KANSAS CITY, Kan. -- Having a baby is about the riskiest thing that a woman will ever do. Many things can wrong during labor and delivery.
Doctors and nurses at the University of Kansas Hospital are training together for emergencies. They've just published research showing their program is associated with fewer problems for babies and moms.
A nurse, playing a mom in labor, presses the call button. Soon, it's clear this is an emergency. The umbilical cord is trapped against the baby's body during delivery, causing a loss of oxygen. They must get the mom to the operating room quickly.
This simulation is an example of PROMPT or Practical Obstetric Multi-Professional Training. It takes place for two days each year. Nurses and doctors learn together.
"How to take over in an an emergency when the person who's in charge isn't really getting it right," said Dr. Carl Weiner, chair of gynecology and obstetrics at the University of Kansas School of Medicine.
Michelle Schulz, a nurse at K.U. Hospital, added, "A lot of times in the past, it's always been 'I'm the physician. You shouldn't question me. I know what's best.' So honestly, this really does take it out."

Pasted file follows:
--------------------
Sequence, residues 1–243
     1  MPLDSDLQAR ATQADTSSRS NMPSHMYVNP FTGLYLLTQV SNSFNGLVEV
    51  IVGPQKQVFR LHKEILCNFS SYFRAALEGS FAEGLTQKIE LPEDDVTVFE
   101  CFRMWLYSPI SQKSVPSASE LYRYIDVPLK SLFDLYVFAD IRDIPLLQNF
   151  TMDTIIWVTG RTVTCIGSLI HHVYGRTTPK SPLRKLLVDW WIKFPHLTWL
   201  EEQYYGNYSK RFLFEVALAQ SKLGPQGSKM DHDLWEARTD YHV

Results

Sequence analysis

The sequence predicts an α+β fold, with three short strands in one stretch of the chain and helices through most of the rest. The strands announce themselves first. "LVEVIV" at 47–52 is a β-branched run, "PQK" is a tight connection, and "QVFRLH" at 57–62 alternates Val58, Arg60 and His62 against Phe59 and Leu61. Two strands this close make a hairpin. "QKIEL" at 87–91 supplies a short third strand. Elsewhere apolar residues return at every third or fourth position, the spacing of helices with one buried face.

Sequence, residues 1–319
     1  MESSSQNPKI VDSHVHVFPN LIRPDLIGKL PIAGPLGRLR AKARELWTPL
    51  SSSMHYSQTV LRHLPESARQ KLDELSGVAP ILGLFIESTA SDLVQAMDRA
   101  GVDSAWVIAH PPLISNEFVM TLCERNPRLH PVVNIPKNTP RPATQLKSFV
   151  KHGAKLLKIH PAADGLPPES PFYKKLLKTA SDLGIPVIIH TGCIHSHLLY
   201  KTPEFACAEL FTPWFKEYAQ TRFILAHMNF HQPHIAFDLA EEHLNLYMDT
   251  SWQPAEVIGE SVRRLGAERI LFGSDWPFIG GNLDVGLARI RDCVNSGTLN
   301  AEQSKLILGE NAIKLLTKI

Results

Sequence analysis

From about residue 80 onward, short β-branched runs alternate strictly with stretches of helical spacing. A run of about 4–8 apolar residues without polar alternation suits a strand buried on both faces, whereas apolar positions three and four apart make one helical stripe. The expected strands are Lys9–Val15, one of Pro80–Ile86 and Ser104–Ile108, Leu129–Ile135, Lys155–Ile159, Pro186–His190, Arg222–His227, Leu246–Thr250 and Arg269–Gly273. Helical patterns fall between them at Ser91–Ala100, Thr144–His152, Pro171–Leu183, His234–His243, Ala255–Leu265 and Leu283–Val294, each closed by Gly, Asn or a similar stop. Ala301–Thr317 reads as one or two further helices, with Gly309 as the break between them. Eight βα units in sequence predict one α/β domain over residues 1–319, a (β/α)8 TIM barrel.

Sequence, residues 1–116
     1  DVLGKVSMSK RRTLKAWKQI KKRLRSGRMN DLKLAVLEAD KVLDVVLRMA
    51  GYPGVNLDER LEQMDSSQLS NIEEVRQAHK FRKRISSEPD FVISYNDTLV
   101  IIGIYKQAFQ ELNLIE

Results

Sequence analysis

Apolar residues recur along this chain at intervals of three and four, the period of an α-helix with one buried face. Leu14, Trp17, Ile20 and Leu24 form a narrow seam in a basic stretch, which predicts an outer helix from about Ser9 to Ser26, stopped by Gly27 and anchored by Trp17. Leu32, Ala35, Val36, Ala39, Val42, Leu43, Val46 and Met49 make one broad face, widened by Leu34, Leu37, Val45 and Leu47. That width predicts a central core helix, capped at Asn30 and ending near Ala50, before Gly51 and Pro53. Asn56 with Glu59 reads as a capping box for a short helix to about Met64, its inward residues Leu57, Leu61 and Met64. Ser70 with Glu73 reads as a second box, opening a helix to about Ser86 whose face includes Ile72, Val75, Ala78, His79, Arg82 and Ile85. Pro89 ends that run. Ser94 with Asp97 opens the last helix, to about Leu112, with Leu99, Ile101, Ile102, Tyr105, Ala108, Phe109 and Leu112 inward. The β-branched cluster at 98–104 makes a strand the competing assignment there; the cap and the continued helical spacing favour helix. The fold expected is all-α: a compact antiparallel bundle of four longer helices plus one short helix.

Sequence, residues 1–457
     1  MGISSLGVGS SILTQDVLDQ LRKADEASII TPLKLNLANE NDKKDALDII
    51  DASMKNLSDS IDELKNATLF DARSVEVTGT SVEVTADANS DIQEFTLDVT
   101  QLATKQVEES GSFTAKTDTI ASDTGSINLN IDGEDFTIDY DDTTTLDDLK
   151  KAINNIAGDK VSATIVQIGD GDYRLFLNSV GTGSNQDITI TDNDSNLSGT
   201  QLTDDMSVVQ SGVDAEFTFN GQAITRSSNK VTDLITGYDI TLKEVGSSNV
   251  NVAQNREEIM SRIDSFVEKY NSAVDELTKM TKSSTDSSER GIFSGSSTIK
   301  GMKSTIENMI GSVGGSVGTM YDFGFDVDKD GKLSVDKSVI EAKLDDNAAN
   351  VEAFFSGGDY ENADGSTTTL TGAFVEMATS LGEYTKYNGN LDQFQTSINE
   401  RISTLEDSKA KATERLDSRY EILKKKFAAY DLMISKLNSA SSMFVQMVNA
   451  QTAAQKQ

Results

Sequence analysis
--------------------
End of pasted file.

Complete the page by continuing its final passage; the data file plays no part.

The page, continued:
K.U. Hospital's results over the seven years of the program were just published in the Journal of Perinatology.
"We have halved the number of babies who have brain damage at birth," said Dr. Weiner.
He says they've also dramatically reduced nerve damage that can happen when babies' shoulders get stuck during delivery. They're called brachial plexus injuries.
"We have not had a permanent injury in almost five years now and we've only had one transient injury and we would expect to have dozens of em by then," said Dr. Weiner.
He estimates PROMPT has helped avoid close to $40 million dollars in health care costs.
PROMPT started in Great Britain. K.U. Hospital was the first in the U.S. to use it. The hospital has trained a dozen other U.S. hospitals and hopes to train more next year.